The co-founder of Singapore-based crypto fintech firm Terraform Labs was detained in Montenegro yesterday (Mar. 23). Do Kwon was wanted by the South Korean police, the US Securities and Exchange Commission (SEC), and Interpol—the latter issued a red notice for his arrest last September.
Montenegrin Internal Affairs minister Filip Adžić first shared news of Kwon’s arrest in a Facebook post. Adžić said Kwon was detained at Podgorica airport, and his official identity was being verified. Kwon’s identity was confirmed through a fingerprint match, Interpol’s national central bureau in Seoul told CNN today (Mar. 24).
Kwon had attracted regulatory attention well before the May 2022 crash of his company’s paired cryptocurrencies—stablecoin TerraUSD and sister coin Luna. Their collapse prompted authorities to issue arrest warrants, but by then, Kwon had gone under the radar.
A brief timeline of the hunt for Do Kwon
September 2021: The US Securities and Exchange Commission subpoenas Do Kwon at a New York conference with concerns that Mirror Protocol—a decentralized finance (DeFi) platform built on Terra that enables users to exchange synthetic versions of stocks, like Tesla and Apple—may violate federal securities law.
November 2021: SEC files for a subpoena enforcement action seeking to require Terraform Labs and Kwon to comply with subpoenas for documents and testimony related to Mirror.
January 2022: Terra becomes the world’s second-largest DeFi ecosystem behind Ethereum, with over $18 billion in total value locked.
June 2022: A judge orders Kwon and Terraform to comply with the SEC subpoena.
Nov 2021: Do Kwon rules out the possibility that UST/LUNA is susceptible to a “Black Wednesday” event—the September 1992 event when speculators like George Soros shorted the British pound.
May 2022: terraUSD depegged from the US dollar, and the price of it and its sister token LUNA nosedives to close to zero. In the aftermath, retail investors lose tens of billions of dollars.
September 2022: South Korea issues an arrest warrant against six people, including Do Kwon. The Interpol issues a red notice— a request to law enforcement worldwide to locate and provisionally arrest a person pending extradition, surrender, or similar legal action.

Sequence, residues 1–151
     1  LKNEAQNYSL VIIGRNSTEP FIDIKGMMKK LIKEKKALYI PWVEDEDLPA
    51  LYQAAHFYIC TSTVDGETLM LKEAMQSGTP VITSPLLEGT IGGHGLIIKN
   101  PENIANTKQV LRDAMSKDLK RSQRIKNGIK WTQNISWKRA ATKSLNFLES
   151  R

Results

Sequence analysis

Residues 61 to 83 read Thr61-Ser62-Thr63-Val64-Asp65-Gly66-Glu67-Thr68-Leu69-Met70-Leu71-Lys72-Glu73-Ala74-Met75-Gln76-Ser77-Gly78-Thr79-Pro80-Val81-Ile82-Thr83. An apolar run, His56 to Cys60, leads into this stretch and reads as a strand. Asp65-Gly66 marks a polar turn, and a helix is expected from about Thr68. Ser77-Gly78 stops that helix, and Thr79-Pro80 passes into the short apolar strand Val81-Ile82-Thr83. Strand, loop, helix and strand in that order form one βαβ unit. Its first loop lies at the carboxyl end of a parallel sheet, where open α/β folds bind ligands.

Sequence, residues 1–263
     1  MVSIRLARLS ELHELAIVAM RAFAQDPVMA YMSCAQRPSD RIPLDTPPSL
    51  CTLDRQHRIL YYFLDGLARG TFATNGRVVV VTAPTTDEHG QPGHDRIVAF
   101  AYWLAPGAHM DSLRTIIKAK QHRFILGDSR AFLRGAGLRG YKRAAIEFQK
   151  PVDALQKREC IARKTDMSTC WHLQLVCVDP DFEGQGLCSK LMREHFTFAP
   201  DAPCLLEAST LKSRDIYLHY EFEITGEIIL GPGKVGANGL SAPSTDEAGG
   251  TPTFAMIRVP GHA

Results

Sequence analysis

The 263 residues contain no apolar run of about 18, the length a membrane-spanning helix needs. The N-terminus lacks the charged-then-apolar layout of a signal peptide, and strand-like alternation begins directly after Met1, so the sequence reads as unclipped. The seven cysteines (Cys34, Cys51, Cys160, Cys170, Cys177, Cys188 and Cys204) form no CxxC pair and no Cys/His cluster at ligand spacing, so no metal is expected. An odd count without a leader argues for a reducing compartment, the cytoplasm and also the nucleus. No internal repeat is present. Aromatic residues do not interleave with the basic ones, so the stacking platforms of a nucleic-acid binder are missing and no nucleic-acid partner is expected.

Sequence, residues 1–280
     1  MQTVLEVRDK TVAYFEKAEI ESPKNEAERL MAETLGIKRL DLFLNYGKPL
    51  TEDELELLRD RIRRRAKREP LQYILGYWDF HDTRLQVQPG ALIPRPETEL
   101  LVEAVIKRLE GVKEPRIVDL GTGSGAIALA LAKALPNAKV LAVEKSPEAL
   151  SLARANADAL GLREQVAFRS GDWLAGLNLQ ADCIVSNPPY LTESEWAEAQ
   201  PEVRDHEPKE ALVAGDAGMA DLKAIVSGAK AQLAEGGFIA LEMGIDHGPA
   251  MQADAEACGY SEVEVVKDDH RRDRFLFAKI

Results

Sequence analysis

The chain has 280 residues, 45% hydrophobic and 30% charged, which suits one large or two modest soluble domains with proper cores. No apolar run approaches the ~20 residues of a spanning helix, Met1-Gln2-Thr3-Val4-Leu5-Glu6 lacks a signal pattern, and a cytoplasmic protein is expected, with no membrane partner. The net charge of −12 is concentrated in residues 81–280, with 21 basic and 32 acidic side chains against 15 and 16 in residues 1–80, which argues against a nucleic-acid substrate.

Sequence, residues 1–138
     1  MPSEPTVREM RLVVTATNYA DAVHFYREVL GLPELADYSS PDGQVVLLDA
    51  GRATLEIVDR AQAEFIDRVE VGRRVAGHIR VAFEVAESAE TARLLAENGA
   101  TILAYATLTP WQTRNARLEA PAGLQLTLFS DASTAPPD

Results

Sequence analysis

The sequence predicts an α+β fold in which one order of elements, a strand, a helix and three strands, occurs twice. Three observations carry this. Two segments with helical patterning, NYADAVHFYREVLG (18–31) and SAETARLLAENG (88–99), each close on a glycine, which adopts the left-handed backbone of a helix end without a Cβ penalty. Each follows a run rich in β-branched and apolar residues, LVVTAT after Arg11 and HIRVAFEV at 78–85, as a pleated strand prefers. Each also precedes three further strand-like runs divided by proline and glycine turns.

February 2023: The SEC charges Terraform Labs and Do Kwon with orchestrating a multi-billion dollar crypto asset securities fraud between April 2018 and May 2022. “[T]he Terraform ecosystem was neither decentralized, nor finance. It was simply a fraud propped up by a so-called algorithmic “stablecoin”—the price of which was controlled by the defendants, not any code,” Gurbir S. Grewal, director of the SEC’s division of enforcement, said.
March 2023: The US justice department probes the crypto coins’ crash. According to the lawsuit, Kwon is being charged with conspiracy to defraud, commodities fraud, securities fraud, wire fraud, and conspiracy to engage in market manipulation.
Quotable: The Terraform scam
“I am not ‘on the run’ or anything similar—for any government agency that has shown interest to communicate, we are in full cooperation and we don’t have anything to hide” —Do Kwon’s statement in a Sept. 17, 2022 tweet
The crypto crash caused by Do Kwon’s business, by the digits
$40 billion: The minimum loss caused by the crash of the firm’s cryptocurrency
$300 billion: The total loss in the crypto market after terraUSD and Luna’s collapse triggers a sell-off across bitcoin and other major cryptocurrencies
88 million: LUNA, worth $3 billion, that Kwon personally received into a wallet he controls. After backlash from the Terra’s community, he said “stealing $3 billion is not the game theoretic optimal point for me, so I will not.”
$11 billion: How much Do Kwon bet LUNA’s price won’t drop below $88 by next year in March 2022—$1 billion against crypto trader Algod and $10 billion against a twitter user with the username Gigantic Rebirth. He still owes them.
Where will Do Kwon go next?
Seoul is seeking extradition, and so is Washington.
💥 Stablecoins aren’t stable: Why TerraUSD is crashing
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